A New Era at Harvard University

This past Sunday, Drew Gilpin Faust was named the 28th president of Harvard University. All indications are that Faust, who will be the first woman to head Harvard, will be more supportive of black opportunities in higher education than her predecessor, Lawrence Summers. Summers was slow to show his support for affirmative action in higher education, he had no interest in black studies, and his public dispute with African-American studies professor Cornel West drove the black scholar to Princeton University.

Faust is a historian who has written extensively on the Civil War and the American South. She has taught black studies courses at Harvard. She grew up in Jim Crow Virginia and her family employed black servants. But she rejected the lifestyle of a “southern belle.” At age 9 she wrote a letter to President Eisenhower calling for an end to racial segregation in the United States. As an undergraduate college student she was active in the civil rights protest movement.

Faust is a graduate of Concord Academy in Massachusetts and Bryn Mawr College. She holds a master’s degree and a Ph.D. in American civilization from the University of Pennsylvania. She served on the faculty at Penn for 25 years before coming to Harvard in 2001 as the founding dean of the Radcliffe Institute for Advanced Study.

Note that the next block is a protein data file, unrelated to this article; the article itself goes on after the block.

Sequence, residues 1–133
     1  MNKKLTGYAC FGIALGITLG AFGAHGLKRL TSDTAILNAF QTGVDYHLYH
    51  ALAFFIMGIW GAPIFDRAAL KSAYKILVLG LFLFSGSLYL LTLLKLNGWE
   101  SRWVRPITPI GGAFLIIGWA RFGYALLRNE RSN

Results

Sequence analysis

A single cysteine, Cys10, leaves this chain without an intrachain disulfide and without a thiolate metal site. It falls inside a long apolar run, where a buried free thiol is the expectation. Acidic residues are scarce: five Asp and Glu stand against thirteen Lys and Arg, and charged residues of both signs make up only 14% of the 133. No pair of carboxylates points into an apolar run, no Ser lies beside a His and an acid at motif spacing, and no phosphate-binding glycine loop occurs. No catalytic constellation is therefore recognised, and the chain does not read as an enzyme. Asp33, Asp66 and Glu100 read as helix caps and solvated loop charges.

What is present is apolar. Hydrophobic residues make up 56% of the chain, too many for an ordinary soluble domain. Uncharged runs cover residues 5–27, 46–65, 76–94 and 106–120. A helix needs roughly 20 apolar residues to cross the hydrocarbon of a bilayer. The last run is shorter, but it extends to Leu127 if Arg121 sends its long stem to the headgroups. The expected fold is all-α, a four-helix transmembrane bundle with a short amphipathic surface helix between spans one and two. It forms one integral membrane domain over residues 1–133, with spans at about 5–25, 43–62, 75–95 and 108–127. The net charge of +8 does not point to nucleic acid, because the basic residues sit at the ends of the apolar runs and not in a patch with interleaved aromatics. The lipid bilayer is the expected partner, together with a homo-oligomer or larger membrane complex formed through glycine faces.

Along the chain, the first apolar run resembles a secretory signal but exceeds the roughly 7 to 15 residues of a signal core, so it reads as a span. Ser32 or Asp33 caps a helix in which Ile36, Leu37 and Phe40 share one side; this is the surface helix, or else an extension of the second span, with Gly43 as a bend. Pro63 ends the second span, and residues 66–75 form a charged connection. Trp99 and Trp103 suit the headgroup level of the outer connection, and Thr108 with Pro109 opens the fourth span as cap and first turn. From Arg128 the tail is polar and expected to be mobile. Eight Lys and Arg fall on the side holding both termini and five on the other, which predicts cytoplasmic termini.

In a recent tribute to former Harvard presidents Derek Bok and Neil Rudenstine, who recruited Faust to come to Cambridge, Faust was sending clear signals that, unlike the confrontational management style of Lawrence Summers, she would be more skilled in working closely with the faculty and moving Harvard forward. Faust quoted Nelson Mandela who said that “a leader is like a shepherd, straying behind the flock, letting the most nimble go ahead, whereupon the others follow, not realizing all along that they are being directed from behind.” This is a view that Harvard has not seen since the administrations of Bok and Rudenstine. All of this bodes well for Harvard leadership in expanding educational opportunities for African Americans.